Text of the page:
February 19 2019

Division of Life Sciences Mentor Professor Colloquium

Claudio Villaneuva, PH.D
Department of Biochemistry
University of Utah

“Tales from the Cold: Mechanisms of Thermogenesis and the Impact on Metabolism”

Cold adaptation requires an understanding of how cells communicate to orchestrate a metabolic response to promote thermogenesis. As the -omics era has provided tremendous opportunities to delve deep into genomics, transcriptomics, and more recently proteomics; lipidomics stands out as one that is composed of tremendous diversity, yet with little understanding on the impact on physiology and disease. Our lab has set out to understand the changes in the plasma lipidome in conditions of cold stress, and test the impact on systemic energy metabolism. Through these studies we identified several hundred lipids that change in response to the cold. We uncovered a previously unrecognized role for acylcarnitines, a mitochondrial-derived lipid, that promotes adaptive thermogenesis. Our studies show that adipose tissue lipolysis signals to the liver to activate the nuclear receptor HNF4, a lipid sensing transcription factor that regulates lipid handling in the liver. These studies also uncovered a role for the white adipose tissue in generating lipid signals that drive changes in the metabolic transcriptional program in the liver. Together, our studies highlight how intercellular communication is essential in regulating thermogenesis in mammals.

Tuesday, February 19, 2019
12:00 Noon
158 Hershey Hall

Host: Ketema Paul
Refreshments will be served

February 21 2019

Institute of the Environment and Sustainability: Hollywood for Science Gala

February 21st, 2019

Celebrate with the biggest names in Hollywood at the 2019 IoES Gala. Together, we can move science to action.

As the world grapples with escalating challenges such as climate change, pollution and deforestation, UCLA is taking decisive action. Global leaders in philanthropy, entertainment and business will again come together to support that action at the 2019 Hollywood for Science Gala, which supports UCLA’s Institute of the Environment & Sustainability (IoES).

Honoring: Barbara Streisand & Gisele Bündchen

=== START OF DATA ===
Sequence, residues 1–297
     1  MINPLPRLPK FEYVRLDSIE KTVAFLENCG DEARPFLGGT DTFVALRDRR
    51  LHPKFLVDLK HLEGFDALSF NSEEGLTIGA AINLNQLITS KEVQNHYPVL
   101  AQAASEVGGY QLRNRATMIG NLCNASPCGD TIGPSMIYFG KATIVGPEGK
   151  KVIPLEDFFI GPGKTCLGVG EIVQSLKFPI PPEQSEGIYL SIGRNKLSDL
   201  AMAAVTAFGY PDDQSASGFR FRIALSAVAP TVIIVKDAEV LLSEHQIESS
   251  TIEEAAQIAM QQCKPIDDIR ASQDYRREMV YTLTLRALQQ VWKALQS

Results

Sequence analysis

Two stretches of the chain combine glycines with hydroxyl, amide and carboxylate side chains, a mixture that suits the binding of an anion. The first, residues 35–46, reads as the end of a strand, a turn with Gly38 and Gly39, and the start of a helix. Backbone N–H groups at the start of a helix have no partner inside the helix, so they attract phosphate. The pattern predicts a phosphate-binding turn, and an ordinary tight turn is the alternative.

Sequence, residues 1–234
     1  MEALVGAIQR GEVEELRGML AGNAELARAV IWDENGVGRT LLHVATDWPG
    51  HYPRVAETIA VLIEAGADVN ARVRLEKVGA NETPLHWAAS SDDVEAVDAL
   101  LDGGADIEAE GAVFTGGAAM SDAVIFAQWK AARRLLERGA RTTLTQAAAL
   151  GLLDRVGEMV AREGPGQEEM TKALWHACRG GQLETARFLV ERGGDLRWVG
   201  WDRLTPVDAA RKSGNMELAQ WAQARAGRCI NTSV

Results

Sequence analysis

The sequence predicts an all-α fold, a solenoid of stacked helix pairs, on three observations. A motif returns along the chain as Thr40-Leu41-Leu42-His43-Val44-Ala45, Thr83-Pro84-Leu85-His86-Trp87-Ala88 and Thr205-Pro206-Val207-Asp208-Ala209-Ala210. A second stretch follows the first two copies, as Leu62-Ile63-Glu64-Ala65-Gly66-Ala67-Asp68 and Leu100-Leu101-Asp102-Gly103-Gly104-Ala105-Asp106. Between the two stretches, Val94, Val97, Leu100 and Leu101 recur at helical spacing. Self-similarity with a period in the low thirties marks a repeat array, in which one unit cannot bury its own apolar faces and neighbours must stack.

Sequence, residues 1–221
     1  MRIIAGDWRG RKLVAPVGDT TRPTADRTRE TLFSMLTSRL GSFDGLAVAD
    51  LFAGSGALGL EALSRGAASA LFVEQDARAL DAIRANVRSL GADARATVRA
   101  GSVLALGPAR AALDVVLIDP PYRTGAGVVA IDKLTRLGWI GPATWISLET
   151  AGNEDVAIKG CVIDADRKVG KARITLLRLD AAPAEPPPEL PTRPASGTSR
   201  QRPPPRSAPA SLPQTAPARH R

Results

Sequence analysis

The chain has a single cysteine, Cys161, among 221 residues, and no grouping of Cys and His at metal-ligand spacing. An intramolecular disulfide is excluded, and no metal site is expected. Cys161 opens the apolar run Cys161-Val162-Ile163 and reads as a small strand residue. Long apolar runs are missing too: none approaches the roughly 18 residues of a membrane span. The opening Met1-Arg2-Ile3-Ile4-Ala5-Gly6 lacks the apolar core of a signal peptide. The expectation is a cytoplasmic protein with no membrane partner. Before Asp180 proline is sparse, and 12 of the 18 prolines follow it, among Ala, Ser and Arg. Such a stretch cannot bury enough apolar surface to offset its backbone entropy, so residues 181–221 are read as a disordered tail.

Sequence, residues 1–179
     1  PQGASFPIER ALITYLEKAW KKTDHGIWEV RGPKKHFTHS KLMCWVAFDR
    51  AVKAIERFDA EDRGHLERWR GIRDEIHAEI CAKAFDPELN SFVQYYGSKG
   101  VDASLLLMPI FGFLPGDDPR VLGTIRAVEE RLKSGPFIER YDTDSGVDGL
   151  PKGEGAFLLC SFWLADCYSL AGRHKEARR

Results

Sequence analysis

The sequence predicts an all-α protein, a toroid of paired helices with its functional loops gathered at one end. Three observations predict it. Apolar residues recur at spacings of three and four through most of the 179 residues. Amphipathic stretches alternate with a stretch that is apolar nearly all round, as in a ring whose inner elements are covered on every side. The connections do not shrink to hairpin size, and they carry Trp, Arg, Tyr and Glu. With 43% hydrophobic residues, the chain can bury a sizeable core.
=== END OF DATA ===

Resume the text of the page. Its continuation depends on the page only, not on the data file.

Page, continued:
Hosted by Milutin Gatsby, Global Fundraising Chairman
Lawrence Bender
Alexandria Jackson

Event Chairs:
Jennifer Aniston
Orlando Bloom
Gerard Butler
Isabelle Bscher
Courteney Cox
Nina Doorbell
Laurence Fishburne
Isabeli Fontana
Andy Garcia
Toni Garrn
Jeff Goldblum
Goldie Hawn
Tiffany Haddish
Taylor Hill
Cheryl Hines
Anjelica Huston
Milla Jovovich
Bobby Kennedy Jr.
Olga Kurylenko
Lyn Lear
Norman Lear
Eva Longoria
Adriana Lima
Angela Lindvall
Nadine Leopold
Maryna Linchuk
Meg Ryan
Sofia Resing
Caroline Scheufele
Robin Thicke
Chris Tucker
Veronica Varekova
Devon Windsor

Presented by Chopard

Special performances by surprise guests

Auction conducted by Simon de Pury

After Party by Richie Akiva 1 Oak

Ticket sales will be available soon. Until then, please contact IoESgala@support.ucla.edu with any questions.

Request an RSVP here, and see ticket & table prices

March 1 2019

Volunteer to be a Docent!

Do you love plants? Deepen your knowledge + give back to the
community: become a volunteer docent!

The UCLA Botanical Garden is an incredible 7.5 acre living museum, containing plants from all
over the world! Come learn to interpret this natural wonder for visitors. Training time will be a
combination of short lectures, garden walks, educational strategy practice, and development
of a personalized tour that you can confidently deliver to k-12 students and adults.

• Support the educational mission of the Garden
• Learn more about plants
• Meet new friends
• Strengthen your public speaking skills
• Attend docent appreciation events and trips

January 18th - March 1st 2019
We will meet for 6 Friday afternoons (1-3pm):
1/18, 1/25, 2/1, 2/8, 2/22, 3/1. There will also be
homework and practice to do outside of those dates. You will need to deliver an
hour-long practice tour to become a garden
docent-don't worry, we'll help you create it!

Interested? Email Jules for more information: julesc@ucla.edu

March 4 2019

What does it mean to replicate studies in a cultural species?

Monday, March 4th, 2019
352 Haines Hall

Dan Hruschka
Arizona State University

Replicating a study among our fellow humans requires a researcher to interact with study participants according to protocols that are comparable with previous studies. However, thanks to humanity’s rich capacity for cultural learning, it can be challenging to identify what counts as a “comparable protocol” across different human groups. Specifically, diverse culturally learned capacities, motivations, symbolic connections, and expectations for appropriate social interactions can make some protocols impossible to implement directly across cultures while rendering the results of other “workable” protocols nearly impossible to interpret. I used examples from our work studying the social determinants of giving to illustrate: (1) the extent of this problem, and (2) how overcoming such challenges can tell us about our tacit models of how humans should think and behave. In this way, such efforts at translation are not just a methodological exercise, but can also inform our models of human psychological and behavioral diversity.